It may be a commonly-used adage, but it is certainly one worth repeating that uncertainty is bad for businesses. On the whole, business leaders are cautious by nature.
We are experiencing a long period of uncertainty – from the Scottish referendum in 2014, the lead-up to and result of the EU referendum – and are surely braced for more. The outcome of the US presidential election draws close and Brexit negotiations have only just begun.
Meanwhile, a potential second Scottish independence referendum looms in the background.
However, while tightening purse strings, putting big decisions on hold and battening down the hatches might be a preferred route to ensure survival in an environment over which they have little control, business leaders must also be acutely aware of their people; organisational uncertainty at the top breeds uncertainty throughout, which can manifest in a number of problems.
A reluctance to invest in recruitment, development and training, and staff incentives might be seen as a natural course, but business leaders have to be fully aware of the impact this has on their people.
While a business operates as a unit, it is made up of individuals. Individuals by their nature, react differently to uncertainty. Even during periods of stability, each person has their own concerns, ambitions and circumstances. Uncertainty exacerbates these and puts additional stress on people. Coupled with normal day-to-day pressures in the workplace this can manifest in unhappiness, increased absenteeism, drops in productivity and ultimately with the employee leaving the company.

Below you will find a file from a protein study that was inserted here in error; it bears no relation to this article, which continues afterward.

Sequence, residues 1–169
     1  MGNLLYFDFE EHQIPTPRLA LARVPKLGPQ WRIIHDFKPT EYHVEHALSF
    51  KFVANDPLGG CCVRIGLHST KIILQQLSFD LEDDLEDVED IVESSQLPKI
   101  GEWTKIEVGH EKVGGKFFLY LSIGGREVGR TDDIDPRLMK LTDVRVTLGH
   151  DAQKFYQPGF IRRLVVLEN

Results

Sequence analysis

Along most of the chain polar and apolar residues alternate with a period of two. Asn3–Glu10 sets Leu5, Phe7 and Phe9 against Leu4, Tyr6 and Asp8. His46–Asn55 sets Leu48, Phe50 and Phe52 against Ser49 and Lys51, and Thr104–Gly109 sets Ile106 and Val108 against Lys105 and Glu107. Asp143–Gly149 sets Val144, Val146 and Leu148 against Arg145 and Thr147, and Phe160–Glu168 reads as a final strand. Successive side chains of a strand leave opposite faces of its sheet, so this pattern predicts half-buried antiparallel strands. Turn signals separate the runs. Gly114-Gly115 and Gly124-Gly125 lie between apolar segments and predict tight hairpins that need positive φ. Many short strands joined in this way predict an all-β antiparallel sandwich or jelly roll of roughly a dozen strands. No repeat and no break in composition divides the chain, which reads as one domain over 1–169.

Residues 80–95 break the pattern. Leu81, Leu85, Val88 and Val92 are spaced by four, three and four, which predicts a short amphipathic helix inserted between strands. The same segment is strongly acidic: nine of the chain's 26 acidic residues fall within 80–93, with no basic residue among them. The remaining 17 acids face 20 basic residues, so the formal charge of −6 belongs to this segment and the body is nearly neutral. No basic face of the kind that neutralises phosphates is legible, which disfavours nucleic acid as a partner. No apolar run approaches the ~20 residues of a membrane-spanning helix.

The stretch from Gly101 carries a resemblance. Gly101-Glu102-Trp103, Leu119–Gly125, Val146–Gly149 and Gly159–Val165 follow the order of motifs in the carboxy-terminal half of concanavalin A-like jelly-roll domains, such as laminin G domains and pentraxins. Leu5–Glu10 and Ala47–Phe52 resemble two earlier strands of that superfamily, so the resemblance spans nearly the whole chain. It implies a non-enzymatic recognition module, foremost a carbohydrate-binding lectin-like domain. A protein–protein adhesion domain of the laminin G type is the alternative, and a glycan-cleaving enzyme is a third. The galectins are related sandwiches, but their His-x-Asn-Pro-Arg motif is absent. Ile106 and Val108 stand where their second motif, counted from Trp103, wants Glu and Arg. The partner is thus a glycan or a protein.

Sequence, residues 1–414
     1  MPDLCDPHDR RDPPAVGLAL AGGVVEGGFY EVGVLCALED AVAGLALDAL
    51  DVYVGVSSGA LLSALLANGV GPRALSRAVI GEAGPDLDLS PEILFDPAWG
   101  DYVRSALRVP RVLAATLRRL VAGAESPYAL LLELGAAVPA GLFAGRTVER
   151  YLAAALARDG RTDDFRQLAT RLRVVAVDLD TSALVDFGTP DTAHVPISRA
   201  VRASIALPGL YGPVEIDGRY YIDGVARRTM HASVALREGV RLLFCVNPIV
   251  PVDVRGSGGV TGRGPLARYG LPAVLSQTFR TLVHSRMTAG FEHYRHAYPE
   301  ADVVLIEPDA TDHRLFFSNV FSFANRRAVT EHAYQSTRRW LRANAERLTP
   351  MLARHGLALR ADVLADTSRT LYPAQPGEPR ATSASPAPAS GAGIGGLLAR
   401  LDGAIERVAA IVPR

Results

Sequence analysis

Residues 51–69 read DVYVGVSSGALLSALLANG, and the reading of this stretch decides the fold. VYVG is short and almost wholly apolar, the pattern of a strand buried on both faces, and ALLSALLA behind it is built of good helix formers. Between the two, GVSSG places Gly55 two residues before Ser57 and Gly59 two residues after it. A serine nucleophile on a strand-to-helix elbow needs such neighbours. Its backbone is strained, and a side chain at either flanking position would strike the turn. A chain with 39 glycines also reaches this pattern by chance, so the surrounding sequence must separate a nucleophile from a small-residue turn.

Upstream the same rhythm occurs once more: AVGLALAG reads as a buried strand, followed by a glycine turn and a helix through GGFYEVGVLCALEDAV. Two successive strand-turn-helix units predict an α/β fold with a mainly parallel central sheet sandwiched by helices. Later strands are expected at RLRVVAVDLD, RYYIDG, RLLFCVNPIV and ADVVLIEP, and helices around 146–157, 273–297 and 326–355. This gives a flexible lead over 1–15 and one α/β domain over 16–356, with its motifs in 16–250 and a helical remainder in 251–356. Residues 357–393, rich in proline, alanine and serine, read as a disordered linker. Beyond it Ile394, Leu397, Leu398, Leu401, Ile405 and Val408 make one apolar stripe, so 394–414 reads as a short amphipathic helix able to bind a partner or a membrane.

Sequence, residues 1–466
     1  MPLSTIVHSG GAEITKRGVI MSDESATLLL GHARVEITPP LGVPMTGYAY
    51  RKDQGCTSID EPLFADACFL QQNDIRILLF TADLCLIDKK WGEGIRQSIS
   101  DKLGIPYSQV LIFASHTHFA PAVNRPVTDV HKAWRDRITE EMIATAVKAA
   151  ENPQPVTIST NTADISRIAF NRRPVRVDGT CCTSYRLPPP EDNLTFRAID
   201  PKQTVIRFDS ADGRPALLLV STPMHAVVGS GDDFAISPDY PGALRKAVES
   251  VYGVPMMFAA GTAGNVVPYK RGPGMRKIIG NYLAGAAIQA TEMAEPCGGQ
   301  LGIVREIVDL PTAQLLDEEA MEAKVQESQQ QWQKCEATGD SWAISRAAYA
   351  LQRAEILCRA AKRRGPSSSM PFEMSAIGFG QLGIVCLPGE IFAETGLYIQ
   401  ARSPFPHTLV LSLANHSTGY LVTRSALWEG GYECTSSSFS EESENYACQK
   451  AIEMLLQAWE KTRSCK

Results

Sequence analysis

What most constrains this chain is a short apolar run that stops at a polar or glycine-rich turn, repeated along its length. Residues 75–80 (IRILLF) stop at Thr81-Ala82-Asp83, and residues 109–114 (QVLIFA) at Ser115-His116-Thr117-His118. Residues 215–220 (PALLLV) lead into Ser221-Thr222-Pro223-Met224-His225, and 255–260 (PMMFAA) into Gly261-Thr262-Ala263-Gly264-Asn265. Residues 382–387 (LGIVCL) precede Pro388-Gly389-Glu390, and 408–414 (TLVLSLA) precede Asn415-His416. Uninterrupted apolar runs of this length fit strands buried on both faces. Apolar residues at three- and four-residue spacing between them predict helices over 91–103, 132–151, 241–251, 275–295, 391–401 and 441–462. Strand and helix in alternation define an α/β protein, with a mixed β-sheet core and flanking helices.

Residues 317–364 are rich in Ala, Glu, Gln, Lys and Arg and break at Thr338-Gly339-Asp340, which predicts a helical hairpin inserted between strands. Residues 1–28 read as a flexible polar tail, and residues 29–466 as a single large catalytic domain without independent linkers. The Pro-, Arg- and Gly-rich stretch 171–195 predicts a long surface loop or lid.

So what can businesses do to help minimise the impact and shield their workers from elements not within their own control?
Clear communication from the top goes a long way to reassuring staff, helping minimise dissatisfaction and maintaining morale. Communicating long-term objectives and contingency planning can help preserve workforce stability. This is particularly pertinent in areas such as the financial sector, where the impact of global economic changes might mean organisations have to relocate. Even if a business has no plans for such major changes, letting staff know helps smooth the road ahead.
Second, make it as easy as possible to engage with senior management to ensure grievances and concerns are managed early. A clear open-door policy doesn’t cost much and staff appreciate two-way communication. This can be vital in terms of avoiding staff disputes and other problems associated with stress, all of which can be costly and time consuming for a business to resolve.
Finally, businesses need to examine whether stripping back optional extras really is the best decision to make. While in the short-term cutting back on employee incentives might save money and make the business financially more secure, the same can’t be said for the workforce. Retaining small incentives and staff rewards during uncertainty can help maintain morale and encourage the associated commercial benefits which come hand-in-hand.
As Scotland’s position in the UK, Europe and the global stage is realised, businesses will have to make tough decisions. While they can’t escape uncertainty, nor can their workforce, and it behoves senior management to take heed. Now more than ever, businesses have a responsibility to listen and to engage with their staff – there are clear moral and economic incentives to do this, and they don’t cost much.
Ann Frances Cooney is a senior associate in HBJ Gateley’s Employment team